But as committed as the Changelings certainly are, they are just means to an end. They were working in conjunction with a larger threat, the Borg. With the kinder, gentler Borg seen at the end of Picard season two revealed to be a mere offshoot, the true Borg have returned with a nefarious plan. Not only do they control Jack Crusher, but they have used Picard’s body to write a genetic code into all of Starfleet’s transporter data. Simply put, anyone who beams up or down gets secretly infected with biological Borg DNA.

On the upside, this infection only affects people under the age of 25, whose brains haven’t fully developed. On the downside, that’s most of the crew of ships in Starfleet. When the Borg launch their attack, the newly assimilated crewmembers easily take control of the ships, effectively turning Starfleet into a new Borg fleet

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Frontier Day

The Borg wait to launch their attack until Frontier Day, a Federation Holiday commemorating the long road that began when the NX-01 launched. Frontier Day gathers together all of the ships in the fleet, giving viewers a good look at the Enterprise-F and other surprises. Starfleet chose Frontier Day to reveal its new networking technology, which links together all the ships in the fleet as a synchronized attack force.

Of course, when the Borg launch their attack, Frontier Day changes from a continuation of Starfleet’s mission to its end. Not only are the Borg able to commandeer all of the ships (and destroy those they cannot), Starfleet’s new technology makes it easy to exert control over ships not taken over by its drones.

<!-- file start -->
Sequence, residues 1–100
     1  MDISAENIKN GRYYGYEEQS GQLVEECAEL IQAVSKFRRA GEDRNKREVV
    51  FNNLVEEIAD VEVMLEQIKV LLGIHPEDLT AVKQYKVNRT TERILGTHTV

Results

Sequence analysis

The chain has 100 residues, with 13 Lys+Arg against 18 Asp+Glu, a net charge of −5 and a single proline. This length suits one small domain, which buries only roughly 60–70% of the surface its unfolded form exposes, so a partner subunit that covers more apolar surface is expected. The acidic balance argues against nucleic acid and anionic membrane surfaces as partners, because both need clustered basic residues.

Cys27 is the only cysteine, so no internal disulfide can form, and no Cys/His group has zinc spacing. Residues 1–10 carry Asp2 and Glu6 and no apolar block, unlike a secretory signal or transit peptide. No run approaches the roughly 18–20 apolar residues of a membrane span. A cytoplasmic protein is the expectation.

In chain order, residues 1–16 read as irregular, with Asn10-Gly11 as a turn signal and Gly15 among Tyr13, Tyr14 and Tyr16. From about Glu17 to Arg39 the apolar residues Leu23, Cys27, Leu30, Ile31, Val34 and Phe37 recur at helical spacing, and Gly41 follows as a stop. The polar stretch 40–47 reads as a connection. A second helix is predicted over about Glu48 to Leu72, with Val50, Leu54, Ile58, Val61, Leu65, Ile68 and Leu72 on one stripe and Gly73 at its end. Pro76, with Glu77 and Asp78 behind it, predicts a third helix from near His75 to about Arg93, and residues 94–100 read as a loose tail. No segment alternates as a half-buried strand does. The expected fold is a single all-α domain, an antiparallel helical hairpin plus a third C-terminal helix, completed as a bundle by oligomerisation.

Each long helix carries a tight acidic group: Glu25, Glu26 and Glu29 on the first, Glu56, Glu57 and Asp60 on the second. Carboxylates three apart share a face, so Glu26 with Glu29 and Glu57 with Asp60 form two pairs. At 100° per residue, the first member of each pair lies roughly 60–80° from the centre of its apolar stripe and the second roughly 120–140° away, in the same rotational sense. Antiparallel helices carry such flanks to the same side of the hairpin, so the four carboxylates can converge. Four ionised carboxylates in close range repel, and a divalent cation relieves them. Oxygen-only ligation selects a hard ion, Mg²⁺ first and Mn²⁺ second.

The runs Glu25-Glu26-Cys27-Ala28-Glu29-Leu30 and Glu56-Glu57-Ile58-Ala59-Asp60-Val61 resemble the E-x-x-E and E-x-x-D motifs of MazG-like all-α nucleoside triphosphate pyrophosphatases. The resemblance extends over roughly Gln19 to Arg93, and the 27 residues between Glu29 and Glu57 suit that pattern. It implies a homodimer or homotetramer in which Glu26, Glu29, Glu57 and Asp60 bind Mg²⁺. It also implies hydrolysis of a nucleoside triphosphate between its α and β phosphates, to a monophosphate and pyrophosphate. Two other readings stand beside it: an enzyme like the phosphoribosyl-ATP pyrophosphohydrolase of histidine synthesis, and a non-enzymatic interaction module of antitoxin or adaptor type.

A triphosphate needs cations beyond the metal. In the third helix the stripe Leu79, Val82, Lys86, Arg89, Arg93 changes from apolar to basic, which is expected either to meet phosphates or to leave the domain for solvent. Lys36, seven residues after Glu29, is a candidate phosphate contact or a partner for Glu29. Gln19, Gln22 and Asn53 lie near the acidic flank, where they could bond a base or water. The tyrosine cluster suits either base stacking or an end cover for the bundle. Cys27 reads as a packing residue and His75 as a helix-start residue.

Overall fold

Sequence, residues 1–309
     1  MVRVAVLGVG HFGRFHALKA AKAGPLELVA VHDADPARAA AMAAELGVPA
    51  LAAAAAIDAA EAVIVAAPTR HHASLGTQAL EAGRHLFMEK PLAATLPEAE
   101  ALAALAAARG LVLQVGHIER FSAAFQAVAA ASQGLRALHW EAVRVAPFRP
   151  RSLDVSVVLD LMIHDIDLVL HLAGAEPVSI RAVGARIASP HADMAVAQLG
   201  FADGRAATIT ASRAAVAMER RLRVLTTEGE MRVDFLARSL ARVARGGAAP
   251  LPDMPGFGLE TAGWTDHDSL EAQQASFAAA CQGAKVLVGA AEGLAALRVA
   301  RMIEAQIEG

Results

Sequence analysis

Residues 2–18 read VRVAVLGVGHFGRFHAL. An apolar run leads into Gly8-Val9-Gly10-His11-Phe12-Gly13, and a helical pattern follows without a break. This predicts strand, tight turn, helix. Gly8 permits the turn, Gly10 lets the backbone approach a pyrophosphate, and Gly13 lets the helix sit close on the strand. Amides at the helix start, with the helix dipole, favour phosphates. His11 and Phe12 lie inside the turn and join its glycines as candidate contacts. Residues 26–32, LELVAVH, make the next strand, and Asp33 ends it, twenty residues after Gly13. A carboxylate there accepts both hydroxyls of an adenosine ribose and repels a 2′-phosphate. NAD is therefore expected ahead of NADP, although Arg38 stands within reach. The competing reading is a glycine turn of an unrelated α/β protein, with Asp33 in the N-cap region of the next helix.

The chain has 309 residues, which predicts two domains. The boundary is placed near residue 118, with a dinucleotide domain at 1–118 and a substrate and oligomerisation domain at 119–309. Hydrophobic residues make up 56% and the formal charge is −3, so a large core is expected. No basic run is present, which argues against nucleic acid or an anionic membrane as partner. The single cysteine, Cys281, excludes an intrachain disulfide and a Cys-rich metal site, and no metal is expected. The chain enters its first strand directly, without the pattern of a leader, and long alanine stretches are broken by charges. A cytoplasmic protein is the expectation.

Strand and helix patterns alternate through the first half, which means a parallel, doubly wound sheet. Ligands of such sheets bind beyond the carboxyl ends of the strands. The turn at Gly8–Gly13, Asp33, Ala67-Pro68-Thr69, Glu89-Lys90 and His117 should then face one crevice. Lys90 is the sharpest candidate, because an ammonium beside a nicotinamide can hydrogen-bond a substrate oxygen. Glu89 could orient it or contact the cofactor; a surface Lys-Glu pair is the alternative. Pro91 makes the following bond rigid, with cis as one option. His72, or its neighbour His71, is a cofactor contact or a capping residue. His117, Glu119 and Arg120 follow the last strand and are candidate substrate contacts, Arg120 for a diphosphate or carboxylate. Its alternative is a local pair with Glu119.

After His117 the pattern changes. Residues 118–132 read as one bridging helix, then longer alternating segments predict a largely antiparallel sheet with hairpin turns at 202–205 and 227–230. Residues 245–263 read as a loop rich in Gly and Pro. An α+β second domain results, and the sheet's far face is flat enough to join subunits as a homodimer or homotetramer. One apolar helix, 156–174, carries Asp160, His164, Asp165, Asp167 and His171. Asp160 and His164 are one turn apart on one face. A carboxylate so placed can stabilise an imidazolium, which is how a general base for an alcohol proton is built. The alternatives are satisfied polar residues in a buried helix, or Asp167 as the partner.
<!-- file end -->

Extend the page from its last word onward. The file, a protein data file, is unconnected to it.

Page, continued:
With the Titan-A under Borg control, Picard and his cohorts escape via shuttle to a secret project in the Ship Museum. Geordi reveals that after Starfleet removed all of its technology from Veridian III, the planet seen in Star Trek: Generations, he had access to the saucer section of the Enterprise-D. For decades, Geordi has been restoring the D to its network television glory, leading to a fantastic sequence with Picard and company once again standing on its beige and carpeted bridge.

Will the D be enough to turn the tide against the Borg? Can Picard and Beverly rescue their son from his infection? Will it all come down to Chief O’Brien saving the day?

We’ll find out when the finale of Picard releases on Paramount+.